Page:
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Your pals are getting married and you’re stoked to celebrate their big day with them. But there’s just one little thing that’s bogging you down — what am I supposed to wear? You might be surprised at the number of different dress codes available for brides and grooms to choose from. And that means there’s about a million different things you could wear to one event. So, what does each dress code mean and does that specific dress or suit you’ve been saving fit into the equation? We’re here to be your dress code spirit guides because this can truly be a journey.
A good rule of thumb to follow if you’re still feeling unsure about your final outfit decision is that it’s better to be too dressy than too casual. Choose your favorite heels over flats. Throw on a tie just in case. It’s much less embarrassing to look like you care too much than too little about the bride and groom’s big day.
You can also ease your insecurities by playing safe with color and pattern. If you’re not confident wearing that floral patterned shirt with your linen suit to your buddy’s beach wedding, then opt out. It’s not your day to shine, so err on the side of caution.
Finally, don’t wear white. Just don’t do it. There are so many colors of the rainbow to choose from so take your pick and avoid wedding day drama.
With those basics out of the way, let’s get down to the nitty-gritty of wedding day dress codes.
Casual, Dressy-Casual, Daytime Semi-Formal
Don’t be fooled by the word “casual.” A casual dress code does not warrant wearing denim, a t-shirt, or anything that even remotely resembles sweats. Casual or “dressy-casual” still requires a button-down shirt, khakis or neutral-colored trousers, and perhaps a light blazer. Ties are optional, as are full-on suits.
Sundresses, jumpsuits, skirts, and blouses are also appropriate, and it’s within this dress code that you can get away with wearing nice sandals or open-toed shoes if the weather allows. And maybe, just maybe, you can pull off a clean fashion sneaker. For daytime weddings, keep colors light (again, not white) and fabrics within season. Linens, cottons, and silks are great for warmer months whereas wools suit cooler months.
Suits and ties come into play when we get into semi-formal attire. If it’s an evening semi-formal wedding, wear a darker suit and add color and personality with your choice of shirt and tie. You can also take this opportunity to play with pattern. We firmly believe that both men and women should dabble with colorful and/or patterned suits like plaids and pinstripes. It’s at this kind of wedding where you can show off your eye for fashion and dress up without necessarily sacrificing comfort.
Cocktail dresses, which usually have more weight and structure than a typical sundress, and heels are recommended. Alternatively, women may also opt for a tailored suit and blouse paired with some classy accessories like heels and clutch.
This look can be a bit tricky to pull off because you’ll want to remain as dressy as possibly, while still looking beach-appropriate. We recommend sticking to a longer sundress paired with sandals or wedges, and perhaps a clutch and sunhat. Anything that’s lightweight and catches the wind without showing too much skin will work great.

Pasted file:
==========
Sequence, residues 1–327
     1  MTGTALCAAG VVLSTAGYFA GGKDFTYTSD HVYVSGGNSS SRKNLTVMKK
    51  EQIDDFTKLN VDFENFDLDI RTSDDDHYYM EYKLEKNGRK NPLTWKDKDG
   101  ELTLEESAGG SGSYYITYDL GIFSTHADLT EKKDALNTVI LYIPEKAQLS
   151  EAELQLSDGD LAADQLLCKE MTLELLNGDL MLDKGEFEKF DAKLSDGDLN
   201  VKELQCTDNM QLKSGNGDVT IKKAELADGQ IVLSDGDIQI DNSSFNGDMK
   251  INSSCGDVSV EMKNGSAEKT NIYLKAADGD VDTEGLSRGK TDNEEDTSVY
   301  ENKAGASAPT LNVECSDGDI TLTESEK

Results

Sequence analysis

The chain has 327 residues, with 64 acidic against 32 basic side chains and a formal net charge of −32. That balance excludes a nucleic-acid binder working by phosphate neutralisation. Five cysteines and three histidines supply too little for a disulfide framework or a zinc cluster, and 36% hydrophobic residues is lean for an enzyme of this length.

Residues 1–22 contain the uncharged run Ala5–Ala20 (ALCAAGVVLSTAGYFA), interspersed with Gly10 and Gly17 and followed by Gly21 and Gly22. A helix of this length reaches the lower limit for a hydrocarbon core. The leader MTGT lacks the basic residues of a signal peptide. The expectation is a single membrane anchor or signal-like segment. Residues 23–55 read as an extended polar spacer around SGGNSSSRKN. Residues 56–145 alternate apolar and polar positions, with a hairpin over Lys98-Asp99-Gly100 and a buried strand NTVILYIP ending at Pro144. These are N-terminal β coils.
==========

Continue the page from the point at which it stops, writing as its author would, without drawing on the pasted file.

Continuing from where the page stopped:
And like the standard casual dress code, breathable and light-colored linen suits, shirts sans tie, and festive trousers (ahem — not swim trunks) is the way to go. A good-quality silk tropical shirt under a jacket can also make you look the part. And remember, flip flops are never okay for a wedding. Never ever!
Formal, Black-Tie Optional
The word “optional” here is key and allows some flexibility within this dress code. You could arrive in a tuxedo or full-length gown or dress, but you’ll also fit right in in a charcoal or navy suit and tie combo.
Women can get away with several different looks at a black-tie optional wedding. Skirt lengths can vary, as can prints and colors. Dress according to the time of day and season. Glam up and feel great about yourself. You don’t get to dress this formal that often.
This evening event dress code is fairly straightforward. Tuxedos are a must for a black-tie wedding. Bow ties, black vests, and patent leather shoes are all part of the package. Luckily, if you don’t own a tux, you can rent one. And if this is a summer wedding, opt for a white dinner jacket rather than the traditional black.
You’ll want to keep your skirt length, mid-calf to floor-length for a black-tie wedding. Think of it like going to the Oscars or Emmys — you have the ability to get get creative with print and color, but a longer skirt length, or even a matching suit and blouse, with heels is preferred.
White-tie is the formalest you can get when it comes to any event. Floor-length evening gowns, heels, and jewelry is perfectly appropriate. Really pull out all the stops for this event. Think royalty, elegance, and pure glamor.
Tuxedos with a tailcoat jacket complete with a formal white shirt, white vest, and white bow tie is the only acceptable look for men at white-tie weddings. Make sure you’re wearing the appropriate footwear such as patent leather black lace-up oxfords. You’ll most likely need to rent this attire, as many don’t own a full white-tie ensemble.
We hope we’ve eased your wedding wardrobe woes. If you have any questions about what you should wear, never hesitate to contact the bride and groom to double check your outfit.
Written by: Olivia Harvey